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Alternate Level of Care

The following information is for healthcare professionals and administrators.

On July 1, 2009, all acute and post-acute hospitals in Ontario began using a standardized Provincial Alternate Level of Care (ALC) Definition to designate patients ALC.

Why we need a standardized definition

Having a standardized ALC definition will help achieve the goals of the Provincial ER/ALC Information Strategy. It is an important step toward capturing high-quality and near real-time data on all patients waiting in acute and post-acute hospitals for alternate levels of care. This data will help understand the challenges, barriers, and opportunities to improve timely and appropriate care.

Who contributed to the definition

This definition was approved by the Ministry of Health and Long-Term Care in March 2009. It was developed in consultation with stakeholders from across the continuum of care, including:

  • Acute and post-acute hospitals (i.e., complex continuing care, mental health and rehabilitation)
  • Community Care Access Centres (CCACs)
  • Ministry of Health and Long-Term Care (MOHLTC)
  • Local Health Integration Networks (LHINs)
  • Canadian Institute for Health Information (CIHI)
  • Ontario Hospital Association (OHA)
  • Ontario Health Quality Council (OHQC)

Cancer Care Ontario’s role:

The Wait Time Information System Program (WTISP) at Cancer Care Ontario captures data electronically through a single provincial system. Hospitals submit information in near-real time data for ALC patients in Acute Care, Complex Continuing Care, Rehabilitation, and Mental Health Beds. Information assists healthcare planners and decision-makers to identify gaps in services.

Provincial ALC Definition

When a patient is occupying a bed in a hospital and does not require the intensity of resources/services provided in this care setting (Acute, Complex Continuing Care [CCC], Mental Health or Rehabilitation), the patient must be designated ALC1 at that time by the physician or her/his delegate. The ALC wait period starts at the time of designation and ends at the time of discharge/transfer to a discharge destination2 (or when the patient’s needs or condition changes and the designation of ALC no longer applies).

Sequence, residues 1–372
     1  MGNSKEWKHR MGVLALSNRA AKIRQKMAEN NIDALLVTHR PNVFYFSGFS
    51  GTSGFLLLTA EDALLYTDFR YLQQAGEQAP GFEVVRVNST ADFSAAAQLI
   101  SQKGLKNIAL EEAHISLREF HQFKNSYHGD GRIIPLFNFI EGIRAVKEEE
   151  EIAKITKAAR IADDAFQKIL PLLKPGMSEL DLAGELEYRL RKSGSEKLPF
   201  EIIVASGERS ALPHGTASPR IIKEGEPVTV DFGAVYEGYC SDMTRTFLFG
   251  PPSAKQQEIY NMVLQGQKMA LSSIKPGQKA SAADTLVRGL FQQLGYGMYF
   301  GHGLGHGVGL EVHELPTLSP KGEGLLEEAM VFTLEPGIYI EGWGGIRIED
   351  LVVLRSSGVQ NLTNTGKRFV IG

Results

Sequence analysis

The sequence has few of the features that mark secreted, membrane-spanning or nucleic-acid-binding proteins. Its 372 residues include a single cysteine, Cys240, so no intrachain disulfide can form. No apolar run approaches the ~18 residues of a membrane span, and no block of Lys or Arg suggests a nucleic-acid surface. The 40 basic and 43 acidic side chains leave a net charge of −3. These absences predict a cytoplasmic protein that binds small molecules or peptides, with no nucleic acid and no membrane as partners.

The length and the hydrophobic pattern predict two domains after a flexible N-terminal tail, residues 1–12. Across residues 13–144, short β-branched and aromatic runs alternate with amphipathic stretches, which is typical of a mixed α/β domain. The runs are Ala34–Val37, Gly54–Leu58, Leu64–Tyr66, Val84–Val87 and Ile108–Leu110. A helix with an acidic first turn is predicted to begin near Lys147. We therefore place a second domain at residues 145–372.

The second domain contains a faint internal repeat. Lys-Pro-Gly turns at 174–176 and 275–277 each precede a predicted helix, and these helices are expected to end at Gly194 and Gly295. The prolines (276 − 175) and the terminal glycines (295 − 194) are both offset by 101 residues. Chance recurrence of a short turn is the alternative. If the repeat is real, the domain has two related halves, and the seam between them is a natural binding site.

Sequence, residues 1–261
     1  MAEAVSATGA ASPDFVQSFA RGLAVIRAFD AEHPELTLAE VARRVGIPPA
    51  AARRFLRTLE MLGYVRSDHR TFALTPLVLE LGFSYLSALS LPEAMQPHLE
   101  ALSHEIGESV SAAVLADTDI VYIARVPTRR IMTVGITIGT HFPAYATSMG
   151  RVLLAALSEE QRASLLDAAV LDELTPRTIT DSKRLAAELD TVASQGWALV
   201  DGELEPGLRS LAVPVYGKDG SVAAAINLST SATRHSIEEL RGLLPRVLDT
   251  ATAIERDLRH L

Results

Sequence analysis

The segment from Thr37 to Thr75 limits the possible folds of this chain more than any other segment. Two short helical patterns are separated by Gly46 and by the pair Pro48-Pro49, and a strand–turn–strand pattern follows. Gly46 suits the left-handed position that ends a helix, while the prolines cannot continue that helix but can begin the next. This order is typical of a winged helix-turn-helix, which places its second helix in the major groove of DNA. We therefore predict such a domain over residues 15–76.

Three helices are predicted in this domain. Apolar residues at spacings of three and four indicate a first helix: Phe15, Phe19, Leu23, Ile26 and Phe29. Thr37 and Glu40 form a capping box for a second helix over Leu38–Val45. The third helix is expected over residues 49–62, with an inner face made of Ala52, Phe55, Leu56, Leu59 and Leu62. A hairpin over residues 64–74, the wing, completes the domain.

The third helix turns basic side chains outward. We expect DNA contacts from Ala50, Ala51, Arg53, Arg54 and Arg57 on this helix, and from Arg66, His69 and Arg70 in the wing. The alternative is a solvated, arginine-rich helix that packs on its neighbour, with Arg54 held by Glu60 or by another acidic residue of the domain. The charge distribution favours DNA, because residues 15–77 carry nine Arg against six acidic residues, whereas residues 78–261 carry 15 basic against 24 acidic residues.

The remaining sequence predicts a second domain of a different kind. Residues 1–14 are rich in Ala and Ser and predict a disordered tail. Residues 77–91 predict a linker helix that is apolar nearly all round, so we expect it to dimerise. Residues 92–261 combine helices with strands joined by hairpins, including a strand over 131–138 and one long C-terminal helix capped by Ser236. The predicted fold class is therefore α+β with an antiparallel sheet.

Note 1Note 2

The patient’s care goals have been met or:

  • Progress has reached a plateau or
  • The patient has reached her/his potential in that program/level of care or
  • An admission occurs for supportive care because the services are not accessible in the community (e.g. “social admission”).

This will be determined by a physician/delegate, in collaboration with an interprofessional team, when available.

Discharge/transfer destinations may include, but are not limited to:

  • Home (with/without services/programs),
  • Rehabilitation (facility/bed, internal or external),
  • CCC (facility/bed, internal or external),
  • Transitional Care Bed (internal or external),
  • Long Term Care Home,
  • Group Home,
  • Convalescent Care Beds,
  • Palliative Care Beds,
  • Retirement Home,
  • Shelter,
  • Supportive Housing

This will be determined by a physician/delegate, in collaboration with an interprofessional team, when available.

Final Note

The definition does not apply to patients:

  • Waiting at home,
  • Waiting in an Acute Care bed/service for another Acute Care bed/service (e.g. surgical bed to a medical bed),
  • Waiting in a tertiary Acute Care hospital bed for transfer to a non-tertiary Acute Care hospital bed (e.g. repatriation to community hospital).

For questions, please contact Access to Care at Cancer Care Ontario at

Last modified: Wed, Sep 21, 2016
cancer care ontario | action cancer ontario   620 University Avenue Toronto Ontario, Canada M5G 2L7   Phone: 416.971.9800 Fax: 416.971.6888

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